Paul Krugman has (surprise!) another partisan rant in the NY Times claiming that the GOP is the root of all evil. In this new variant of the same article he publishes almost every week, he is picking on Paul Ryan and Rand Paul and the hearings they have been holding on US Monetary Policy.
But if we can get past all the partisan crap, this piece illustrates a profound disconnect between the economics profession and the political right. Politicians will from time to time rant about how we are no longer on a gold standard, but serious economists never do. I don’t follow the macro literature very closely, but I’ve never seen it. In my days at Chicago, the free market capital of academic economics, I never remember a single lecture or class discussion on the gold standard. The godfather of monetarists, Milton Friedman, didn’t advocate a return to the gold standard. There is a whole lot of debate on monetary policy to be sure, but it isn’t about gold. In fact, a good rule of thumb is that if someone is seriously advocating a gold standard, they probably have little professional training in economics and can be safely ignored. I mean, there are enough serious debates and uncertainties in economics to spend time listening to non-serious people.
This is not to say that we shouldn’t keep our eyes open for inflationary pressures on the horizon, but Krugman is also right that inflation isn’t what we should be worried about right now. If the economy ever heats up (or even warms up), the Fed will need to start drawing money out of the economy, just as they pumped it in during the financial crisis. This need not be rapid, but it does need to happen. Will the Fed have the political will to fight off inflation? That remains to be seen. But that question doesn’t have anything to do with the gold standard.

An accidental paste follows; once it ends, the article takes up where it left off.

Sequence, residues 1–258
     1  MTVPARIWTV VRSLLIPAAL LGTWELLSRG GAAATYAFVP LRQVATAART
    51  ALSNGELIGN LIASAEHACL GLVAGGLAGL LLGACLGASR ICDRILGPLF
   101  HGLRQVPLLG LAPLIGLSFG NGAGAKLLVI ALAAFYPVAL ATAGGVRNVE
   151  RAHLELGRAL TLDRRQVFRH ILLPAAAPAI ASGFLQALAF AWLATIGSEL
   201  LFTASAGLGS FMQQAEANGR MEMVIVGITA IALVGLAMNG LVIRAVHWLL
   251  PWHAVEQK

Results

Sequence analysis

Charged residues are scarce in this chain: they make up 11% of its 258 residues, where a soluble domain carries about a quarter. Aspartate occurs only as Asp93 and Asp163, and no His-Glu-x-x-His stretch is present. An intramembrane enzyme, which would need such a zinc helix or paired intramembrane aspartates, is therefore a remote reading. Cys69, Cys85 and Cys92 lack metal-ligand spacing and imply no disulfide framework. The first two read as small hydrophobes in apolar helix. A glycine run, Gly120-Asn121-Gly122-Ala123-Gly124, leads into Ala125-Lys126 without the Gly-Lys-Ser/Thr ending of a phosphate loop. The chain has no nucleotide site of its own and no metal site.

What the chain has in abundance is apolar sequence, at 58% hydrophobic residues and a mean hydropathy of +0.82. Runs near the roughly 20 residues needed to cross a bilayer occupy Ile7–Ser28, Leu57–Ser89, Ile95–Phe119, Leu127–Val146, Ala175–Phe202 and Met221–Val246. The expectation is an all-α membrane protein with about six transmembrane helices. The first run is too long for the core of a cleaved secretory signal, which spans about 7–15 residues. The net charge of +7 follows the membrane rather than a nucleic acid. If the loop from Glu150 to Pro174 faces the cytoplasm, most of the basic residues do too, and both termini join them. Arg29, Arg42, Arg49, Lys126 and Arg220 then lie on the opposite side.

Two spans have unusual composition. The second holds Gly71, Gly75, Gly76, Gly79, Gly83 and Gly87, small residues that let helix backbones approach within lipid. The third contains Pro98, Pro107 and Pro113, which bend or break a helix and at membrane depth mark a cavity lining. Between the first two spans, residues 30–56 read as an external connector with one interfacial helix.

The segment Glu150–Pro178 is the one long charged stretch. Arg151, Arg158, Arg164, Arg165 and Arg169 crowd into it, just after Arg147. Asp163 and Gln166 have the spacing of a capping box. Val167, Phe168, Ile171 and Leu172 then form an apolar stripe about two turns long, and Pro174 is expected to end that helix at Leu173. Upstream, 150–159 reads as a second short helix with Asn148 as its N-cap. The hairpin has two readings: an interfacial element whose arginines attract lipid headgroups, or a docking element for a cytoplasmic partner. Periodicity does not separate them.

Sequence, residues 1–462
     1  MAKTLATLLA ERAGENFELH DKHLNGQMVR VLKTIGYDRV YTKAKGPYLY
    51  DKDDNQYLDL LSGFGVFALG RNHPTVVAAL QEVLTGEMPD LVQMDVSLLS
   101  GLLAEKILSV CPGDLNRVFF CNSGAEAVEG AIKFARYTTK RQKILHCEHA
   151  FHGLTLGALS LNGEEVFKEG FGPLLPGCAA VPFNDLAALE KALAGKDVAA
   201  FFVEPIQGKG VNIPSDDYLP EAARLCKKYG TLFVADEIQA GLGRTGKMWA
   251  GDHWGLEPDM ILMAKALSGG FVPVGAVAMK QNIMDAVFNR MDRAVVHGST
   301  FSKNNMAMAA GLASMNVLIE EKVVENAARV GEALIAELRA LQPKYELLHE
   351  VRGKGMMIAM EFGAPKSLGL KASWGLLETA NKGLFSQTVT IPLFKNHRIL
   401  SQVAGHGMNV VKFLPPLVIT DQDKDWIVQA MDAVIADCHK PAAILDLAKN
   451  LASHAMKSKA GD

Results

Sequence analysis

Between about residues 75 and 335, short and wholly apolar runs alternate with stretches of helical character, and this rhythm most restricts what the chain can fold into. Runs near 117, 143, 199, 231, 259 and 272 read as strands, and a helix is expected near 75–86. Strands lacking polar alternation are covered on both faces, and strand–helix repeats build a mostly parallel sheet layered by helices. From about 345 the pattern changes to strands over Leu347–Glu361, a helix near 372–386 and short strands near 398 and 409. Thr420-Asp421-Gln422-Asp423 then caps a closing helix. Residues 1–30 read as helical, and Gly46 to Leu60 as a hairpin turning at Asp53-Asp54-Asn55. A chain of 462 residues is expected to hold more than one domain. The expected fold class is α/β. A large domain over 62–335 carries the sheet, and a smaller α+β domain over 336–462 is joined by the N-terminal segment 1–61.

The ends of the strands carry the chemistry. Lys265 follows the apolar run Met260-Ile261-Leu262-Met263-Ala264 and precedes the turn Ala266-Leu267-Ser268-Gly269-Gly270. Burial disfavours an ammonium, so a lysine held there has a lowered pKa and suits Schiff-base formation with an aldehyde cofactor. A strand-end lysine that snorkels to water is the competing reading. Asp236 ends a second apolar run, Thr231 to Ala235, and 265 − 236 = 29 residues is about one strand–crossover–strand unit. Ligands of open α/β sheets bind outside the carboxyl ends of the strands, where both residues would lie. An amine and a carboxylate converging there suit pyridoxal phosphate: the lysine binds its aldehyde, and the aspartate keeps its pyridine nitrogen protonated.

Ironically, the same people heaving gold bricks around Capitol Hill are the ones who really pose the greatest inflationary threat. The value of US currency has been maintained for so long not because it was backed by hard metals but because people believe the US will pay its obligations because it always has. Attempts to avoid raising the debt ceiling in the coming months could create a significant crack in that confidence. Actions by other governments, such as China, influence the value of the dollar, but the only ones who can really undermine the confidence in the dollar is the US government itself. Sadly, there are a few legislators who don’t realize that if they really care about the credibility of our currency, they need to stop behaving like they are speaking to political rallies and start behaving like the realize that they are the government now.
Addendum: This morning, NPR’s Morning Edition did a story on James Grant, a guy who writes a successful newsletter called, Grant’s Interest Rate Observer.” He’s a strong advocate of the gold standard. But at least he is somewhat self-aware. He was quoted as saying, “The argument I’m making is in fact the wingnut argument,” he said. “Every self-respecting tenured faculty member in economics this country, almost without exception, would laugh it out of court.” I don’t think a gold standard or other commodity standard is actually a wingnut argument, just that it is an argument very disconnected from what almost all macroeconomists think. As he notes, there are a few exceptions, but it isn’t an issue most are concerned about.